The law under Md. Code Cts. and Jud. Proc. Art. § 3-902(a) states that a person may bring a wrongful death claim against someone whose wrongful act or omission causes the passing of another. This is not a very detailed explanation of what makes a wrongful death wrongful. We can look to § 3-901(e), which holds that a wrongful act may include neglect, an intentional act, or defaults or omissions. Felonious or criminal acts may be considered wrongful for the purposes of a wrongful death claim, but not all wrongful actions are crimes.

A commonly cited reason for wrongful death is a car accident. Car accidents happen all the time, and not everyone is lucky enough to survive. If you lose a family member in an auto accident, you can sue the person responsible for the crash. This may require evidence from the accident scene and your family member’s medical records after the crash to prove that the accident caused their death and that the defendant caused the accident.

Another somewhat common reason behind wrongful death claims is medical malpractice. If your family member was being treated by a doctor and unfortunately passed away because of the doctor’s negligent care, you might have a case of wrongful death against the doctor and the hospital they work for. It can be tricky to prove claims like these because not all instances of medical treatment gone wrong are malpractice. Patients respond differently to treatment, and a positive outcome is never guaranteed. To prove your case, we would need to show how the doctor’s treatment fell below the standard of care.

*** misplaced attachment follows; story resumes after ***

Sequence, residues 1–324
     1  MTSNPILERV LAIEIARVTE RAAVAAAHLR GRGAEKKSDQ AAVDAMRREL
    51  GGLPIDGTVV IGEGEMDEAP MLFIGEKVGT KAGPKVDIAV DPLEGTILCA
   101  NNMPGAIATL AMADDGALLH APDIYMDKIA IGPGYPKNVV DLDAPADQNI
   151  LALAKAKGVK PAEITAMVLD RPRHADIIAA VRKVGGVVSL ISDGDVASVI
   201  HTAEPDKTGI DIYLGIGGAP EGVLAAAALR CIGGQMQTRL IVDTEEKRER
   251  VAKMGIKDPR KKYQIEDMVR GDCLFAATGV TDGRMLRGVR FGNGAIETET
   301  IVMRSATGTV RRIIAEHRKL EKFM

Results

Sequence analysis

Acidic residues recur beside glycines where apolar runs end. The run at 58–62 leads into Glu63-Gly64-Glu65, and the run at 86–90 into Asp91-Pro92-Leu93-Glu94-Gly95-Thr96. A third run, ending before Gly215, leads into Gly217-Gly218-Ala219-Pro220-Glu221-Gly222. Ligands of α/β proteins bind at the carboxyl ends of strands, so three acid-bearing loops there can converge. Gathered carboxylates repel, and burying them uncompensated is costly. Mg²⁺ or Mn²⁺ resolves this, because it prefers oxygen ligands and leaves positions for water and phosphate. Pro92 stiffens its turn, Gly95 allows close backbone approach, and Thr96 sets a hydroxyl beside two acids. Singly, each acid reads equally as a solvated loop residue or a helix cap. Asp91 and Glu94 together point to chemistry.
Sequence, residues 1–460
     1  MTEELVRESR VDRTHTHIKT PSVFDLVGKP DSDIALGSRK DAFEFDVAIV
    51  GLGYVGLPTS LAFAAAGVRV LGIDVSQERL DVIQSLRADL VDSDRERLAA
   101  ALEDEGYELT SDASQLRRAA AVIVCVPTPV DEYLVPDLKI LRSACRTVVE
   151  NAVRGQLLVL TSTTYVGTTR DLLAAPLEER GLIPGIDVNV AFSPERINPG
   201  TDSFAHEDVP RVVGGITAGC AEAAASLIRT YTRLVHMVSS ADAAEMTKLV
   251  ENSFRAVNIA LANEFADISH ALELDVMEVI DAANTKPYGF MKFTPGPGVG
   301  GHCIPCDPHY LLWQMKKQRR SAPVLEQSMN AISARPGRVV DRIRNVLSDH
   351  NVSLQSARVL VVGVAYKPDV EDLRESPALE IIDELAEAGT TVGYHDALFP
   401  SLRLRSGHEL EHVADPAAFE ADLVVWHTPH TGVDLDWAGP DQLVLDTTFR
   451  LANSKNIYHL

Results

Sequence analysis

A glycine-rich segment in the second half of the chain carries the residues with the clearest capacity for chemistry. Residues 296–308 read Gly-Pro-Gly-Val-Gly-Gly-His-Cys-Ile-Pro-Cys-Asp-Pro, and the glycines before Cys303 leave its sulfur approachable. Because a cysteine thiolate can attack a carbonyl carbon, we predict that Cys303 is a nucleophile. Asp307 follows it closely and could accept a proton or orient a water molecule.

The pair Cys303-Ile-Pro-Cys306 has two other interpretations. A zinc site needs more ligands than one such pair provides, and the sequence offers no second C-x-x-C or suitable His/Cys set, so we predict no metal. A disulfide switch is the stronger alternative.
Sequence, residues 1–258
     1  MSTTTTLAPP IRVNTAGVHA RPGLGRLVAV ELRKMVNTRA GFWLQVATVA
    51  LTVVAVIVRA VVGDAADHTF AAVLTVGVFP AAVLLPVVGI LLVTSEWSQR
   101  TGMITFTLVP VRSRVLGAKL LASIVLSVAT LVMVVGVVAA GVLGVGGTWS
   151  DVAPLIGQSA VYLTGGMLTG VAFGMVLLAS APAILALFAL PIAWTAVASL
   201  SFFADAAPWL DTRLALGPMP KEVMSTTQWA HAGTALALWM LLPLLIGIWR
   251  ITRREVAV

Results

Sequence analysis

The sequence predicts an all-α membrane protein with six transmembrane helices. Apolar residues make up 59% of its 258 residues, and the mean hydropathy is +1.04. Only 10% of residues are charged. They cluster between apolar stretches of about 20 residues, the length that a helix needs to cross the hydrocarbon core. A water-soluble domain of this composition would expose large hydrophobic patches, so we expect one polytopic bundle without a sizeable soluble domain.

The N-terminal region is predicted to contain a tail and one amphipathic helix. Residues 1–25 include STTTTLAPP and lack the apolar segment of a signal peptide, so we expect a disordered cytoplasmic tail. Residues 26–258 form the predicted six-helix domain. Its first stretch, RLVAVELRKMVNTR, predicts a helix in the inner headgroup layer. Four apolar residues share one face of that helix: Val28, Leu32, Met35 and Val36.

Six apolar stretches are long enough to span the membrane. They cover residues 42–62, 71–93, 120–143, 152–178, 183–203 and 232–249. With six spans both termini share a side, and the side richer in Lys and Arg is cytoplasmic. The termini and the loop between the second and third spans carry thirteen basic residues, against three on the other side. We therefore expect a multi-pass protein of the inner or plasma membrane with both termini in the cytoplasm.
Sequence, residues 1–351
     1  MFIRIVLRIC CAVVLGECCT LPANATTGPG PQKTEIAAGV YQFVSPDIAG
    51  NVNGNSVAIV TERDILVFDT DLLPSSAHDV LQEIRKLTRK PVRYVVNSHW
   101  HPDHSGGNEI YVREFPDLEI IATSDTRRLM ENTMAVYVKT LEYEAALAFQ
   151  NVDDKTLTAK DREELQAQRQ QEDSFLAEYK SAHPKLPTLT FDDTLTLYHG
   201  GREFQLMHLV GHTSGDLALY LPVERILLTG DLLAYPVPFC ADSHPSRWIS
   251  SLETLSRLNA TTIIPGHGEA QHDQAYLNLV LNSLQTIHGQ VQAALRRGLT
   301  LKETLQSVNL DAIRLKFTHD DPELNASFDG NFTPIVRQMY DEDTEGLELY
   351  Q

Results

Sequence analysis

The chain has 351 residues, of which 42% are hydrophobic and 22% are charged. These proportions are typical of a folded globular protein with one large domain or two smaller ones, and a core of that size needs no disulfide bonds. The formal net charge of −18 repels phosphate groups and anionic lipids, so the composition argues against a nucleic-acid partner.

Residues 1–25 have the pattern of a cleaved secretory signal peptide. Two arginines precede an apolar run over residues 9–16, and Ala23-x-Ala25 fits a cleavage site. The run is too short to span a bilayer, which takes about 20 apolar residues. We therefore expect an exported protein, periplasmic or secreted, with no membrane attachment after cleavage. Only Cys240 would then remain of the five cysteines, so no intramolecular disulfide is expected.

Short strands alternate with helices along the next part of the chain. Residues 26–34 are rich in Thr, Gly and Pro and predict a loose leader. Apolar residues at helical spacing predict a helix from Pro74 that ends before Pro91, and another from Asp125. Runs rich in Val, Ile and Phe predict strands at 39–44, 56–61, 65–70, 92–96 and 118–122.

Evidence Needed to Support Wrongful Death Claims in Perry Hall, MD

The evidence our wrongful death lawyers need to support your wrongful death claim will likely revolve around your loved one’s medical records. If your loved one was rushed to a hospital for emergency medical treatment before they passed away, those medical records are crucial to establishing the cause of death. If your loved one’s passing was immediate, there may still be records from a medical examiner.

Accurate medical records are only half the evidentiary equation. We also need medical experts to review those records and testify about them in court. Medical records can be very complex, and the average juror with no medical background might not fully understand what they mean. A medical expert can review the records and explain them so the jury will understand them.

While medical records are key to your case, we should also look into other evidence sources to support your claims. Evidence from the accident scene might include photos or videos of the scene. We should also look for security cameras in the area to see if your loved one’s accident was caught on video. The availability of this kind of evidence depends on how your loved one was injured. Talk to our team about the evidence needed for your specific case.

Speak to Our Perry Hall, MD Wrongful Death Lawyers About Your Claims Now

Call our wrongful death lawyers at (410) 694-7291 and ask our team at Rice, Murtha & Psoras for a free, private assessment of your claims.